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- Volume 8, Issue 1, 1994
South African Journal of Cultural History - Volume 8, Issue 1, 1994
Volumes & issues
Volume 8, Issue 1, 1994
Author J.** Fisher, R.C.* & BooysenSource: South African Journal of Cultural History 8, pp 1 –11 (1994)More Less
As an introduction to this essay, observations made by English settlers on the landscape of the Eastern Cape are quoted. In this way a link is forged with their home/and. The Eastern Cape, an area to become a zone of dispute and warfare between European settler and aboriginal peoples, is compared with the border frontier zone between England and Scot/and in the time before the 18th century. The representative frontier farmhouses are compared in terms of those elements which distinguish the type in the Eastern Cape, using Sephton Manor as a prototypic example. The English border counties of Cumbria and Northumberland are explored with these elements in mind. Peles and bastle houses are described and illustrated. Some passing comments are made on the local farm buildings. Their defences are described and compared to Sephton, and the event of its razing by fire recorded.
Author Pieter W. GrobbelaarSource: South African Journal of Cultural History 8, pp 12 –15 (1994)More Less
When Estelle van der Merwe started puppet making in the 1920s, she created, among others, a black character named Ta. The main scene enacted with Ta concerned a story in verse about a domestic servant being sent to buy some fish, but buying liquor instead, and in the end receiving a severe thrashing. The story in fact represents a version of an old Afrikaans folksong about a man called Meliengo Hoi, but- as has been the fate of the majority of these songs- it is nowadays virtually unknown. Yet it must have been quite popular during the early part of the century as versions were recorded in the Cape, the Free State and the Transvaal. As has happened with numerous folksongs, 'Meliengo Hoi' served as the basis for a new, in this instance satirical, script. It concerned the capers of Mr Vitlorio Carpio who, as Chairman of the United Nations' Special Committee for South West Africa, visited the region in 1962, and was eventualy signatory to a very favourable report. When a furore broke out, he claimed that his coffee had been poisoned and that he consequently did not grasp the contents of the communique. Rumour had it that in truth he had become too fond of South Africa's KWV brandy. Estelle van der Merwe immediately created a puppet called Carpio and she adopted Ta's script for him to enact. The song about 'Mallengo Hoi' faded further and further into oblivion. When in 1987 a newspaper reader enquired about someone he vaguely remembered called 'Mafienkahoi', the response was that 'she' was identified as some or other girl or woman, perhaps even a vicious British queen of yore.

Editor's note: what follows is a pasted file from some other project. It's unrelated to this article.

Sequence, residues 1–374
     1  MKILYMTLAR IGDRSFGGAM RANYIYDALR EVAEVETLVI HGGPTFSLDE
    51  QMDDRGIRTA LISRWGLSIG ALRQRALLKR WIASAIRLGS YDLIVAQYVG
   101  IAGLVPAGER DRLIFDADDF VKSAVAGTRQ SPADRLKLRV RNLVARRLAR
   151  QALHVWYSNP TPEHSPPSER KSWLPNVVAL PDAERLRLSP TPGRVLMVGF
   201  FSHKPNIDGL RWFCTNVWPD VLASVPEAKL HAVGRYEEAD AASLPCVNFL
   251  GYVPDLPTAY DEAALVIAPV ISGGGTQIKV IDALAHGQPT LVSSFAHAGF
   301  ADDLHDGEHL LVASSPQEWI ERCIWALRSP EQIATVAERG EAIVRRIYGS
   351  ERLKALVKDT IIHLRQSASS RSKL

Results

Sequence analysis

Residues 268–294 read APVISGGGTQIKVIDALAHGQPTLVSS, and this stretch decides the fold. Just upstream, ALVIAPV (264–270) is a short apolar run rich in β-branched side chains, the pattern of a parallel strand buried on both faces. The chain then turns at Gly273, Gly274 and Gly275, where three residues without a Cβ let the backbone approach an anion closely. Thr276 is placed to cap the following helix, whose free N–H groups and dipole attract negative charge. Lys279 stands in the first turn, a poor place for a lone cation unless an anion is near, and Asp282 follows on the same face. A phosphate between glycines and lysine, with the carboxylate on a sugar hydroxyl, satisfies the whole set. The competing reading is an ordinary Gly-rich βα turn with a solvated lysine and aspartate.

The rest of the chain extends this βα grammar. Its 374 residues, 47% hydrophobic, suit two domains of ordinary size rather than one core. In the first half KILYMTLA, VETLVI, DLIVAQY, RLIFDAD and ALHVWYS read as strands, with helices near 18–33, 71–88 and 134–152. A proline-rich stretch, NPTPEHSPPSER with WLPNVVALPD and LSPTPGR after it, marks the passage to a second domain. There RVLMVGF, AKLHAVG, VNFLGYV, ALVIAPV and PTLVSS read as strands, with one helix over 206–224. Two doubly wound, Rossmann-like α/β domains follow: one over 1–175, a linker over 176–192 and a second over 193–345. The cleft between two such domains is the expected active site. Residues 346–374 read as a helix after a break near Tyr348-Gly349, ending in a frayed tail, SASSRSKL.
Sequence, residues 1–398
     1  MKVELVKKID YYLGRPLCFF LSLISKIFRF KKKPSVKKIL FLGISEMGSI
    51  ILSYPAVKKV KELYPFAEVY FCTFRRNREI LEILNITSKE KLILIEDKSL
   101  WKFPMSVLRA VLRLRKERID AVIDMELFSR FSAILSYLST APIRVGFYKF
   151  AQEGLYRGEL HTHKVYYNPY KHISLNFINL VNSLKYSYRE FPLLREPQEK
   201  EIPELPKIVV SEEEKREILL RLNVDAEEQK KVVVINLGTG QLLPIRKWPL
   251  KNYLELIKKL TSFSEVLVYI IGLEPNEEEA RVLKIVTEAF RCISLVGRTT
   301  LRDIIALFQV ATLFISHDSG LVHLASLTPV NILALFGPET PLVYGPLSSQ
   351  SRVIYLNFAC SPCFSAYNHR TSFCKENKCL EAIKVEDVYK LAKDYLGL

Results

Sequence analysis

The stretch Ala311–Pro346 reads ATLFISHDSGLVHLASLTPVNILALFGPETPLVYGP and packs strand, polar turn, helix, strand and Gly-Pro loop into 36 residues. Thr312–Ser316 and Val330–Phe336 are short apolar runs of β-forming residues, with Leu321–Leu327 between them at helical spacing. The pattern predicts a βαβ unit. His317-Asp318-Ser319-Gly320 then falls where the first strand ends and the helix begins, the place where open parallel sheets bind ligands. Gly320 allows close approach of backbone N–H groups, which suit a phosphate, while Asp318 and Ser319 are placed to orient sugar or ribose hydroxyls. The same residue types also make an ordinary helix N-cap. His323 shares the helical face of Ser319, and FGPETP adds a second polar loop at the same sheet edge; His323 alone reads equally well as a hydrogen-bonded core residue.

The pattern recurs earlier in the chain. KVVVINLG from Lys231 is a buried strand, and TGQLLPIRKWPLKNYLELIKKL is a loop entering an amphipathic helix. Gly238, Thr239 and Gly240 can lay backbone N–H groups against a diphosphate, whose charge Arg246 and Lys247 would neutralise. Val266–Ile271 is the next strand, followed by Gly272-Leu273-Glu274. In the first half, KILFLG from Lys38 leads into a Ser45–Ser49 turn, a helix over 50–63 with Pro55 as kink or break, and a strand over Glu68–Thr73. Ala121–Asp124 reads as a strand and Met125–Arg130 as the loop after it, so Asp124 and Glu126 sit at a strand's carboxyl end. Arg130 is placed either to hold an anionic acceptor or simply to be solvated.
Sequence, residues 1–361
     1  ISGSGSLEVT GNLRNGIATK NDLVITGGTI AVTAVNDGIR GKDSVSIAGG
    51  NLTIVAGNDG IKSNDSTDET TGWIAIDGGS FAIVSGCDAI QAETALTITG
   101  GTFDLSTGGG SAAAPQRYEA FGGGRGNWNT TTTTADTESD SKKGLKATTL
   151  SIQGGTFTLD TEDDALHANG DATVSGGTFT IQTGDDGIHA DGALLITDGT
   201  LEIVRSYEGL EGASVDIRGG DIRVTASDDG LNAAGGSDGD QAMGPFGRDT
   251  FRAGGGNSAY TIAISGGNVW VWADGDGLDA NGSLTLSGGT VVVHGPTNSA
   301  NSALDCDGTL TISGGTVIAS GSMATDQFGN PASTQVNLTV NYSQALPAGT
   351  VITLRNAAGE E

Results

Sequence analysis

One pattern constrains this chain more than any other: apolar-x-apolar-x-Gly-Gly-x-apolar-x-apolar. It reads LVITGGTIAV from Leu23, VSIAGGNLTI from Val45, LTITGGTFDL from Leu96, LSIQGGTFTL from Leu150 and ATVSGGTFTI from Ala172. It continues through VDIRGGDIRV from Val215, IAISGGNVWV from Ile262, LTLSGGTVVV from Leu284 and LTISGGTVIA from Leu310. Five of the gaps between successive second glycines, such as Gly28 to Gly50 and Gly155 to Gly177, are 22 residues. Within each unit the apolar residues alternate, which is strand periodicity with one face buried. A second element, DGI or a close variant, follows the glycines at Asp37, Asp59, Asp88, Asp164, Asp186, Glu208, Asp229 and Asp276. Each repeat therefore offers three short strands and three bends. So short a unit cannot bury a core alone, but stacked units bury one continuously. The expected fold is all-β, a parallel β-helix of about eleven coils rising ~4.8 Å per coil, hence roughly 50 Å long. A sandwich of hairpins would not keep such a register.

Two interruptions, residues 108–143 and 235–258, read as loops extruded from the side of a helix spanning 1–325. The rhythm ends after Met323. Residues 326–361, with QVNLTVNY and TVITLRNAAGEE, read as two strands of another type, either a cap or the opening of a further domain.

Author S. Marianna BotesSource: South African Journal of Cultural History 8, pp 16 –23 (1994)More Less
Bloemfontein's imposing Old Presidency Museum, situated in President Street. offer the visitor a glimpse into the lifestyle of the last three presidents of the Republic of the Orange Free State during the period 1886-1900. This large and impressive presidential residence was occupied in tum by Presidents J.H. Brand, F. W. Reitz and M. T. Steyn. It was the last of the three official residences to be erected on this site between 1846 and 1900. Only this Third Presidency is still in existence. Completed in 1886, it was a double-storey sandstone building with a corrugated iron roof and was designed by the well-known Scottish architect Francis Lennox Canning. This article investigates the question of whether the Third Presidency fulfilled the expectations and demands placed upon the official residence of the Orange Free State's president. Even though the last three Free State presidents and their families and guests had to do without the modern conveniences of running water, electricity and sanitation, the elegant Third Presidency seemed like a palace compared to the previous two official residences on the site. Important visitors could be graciously received and entertained in its spacious rooms. With the building of the Third Presidency the Free Staters had or the first lime, a presidential residence they could be proud of.
Author Retha Van NiekerkSource: South African Journal of Cultural History 8, pp 24 –30 (1994)More Less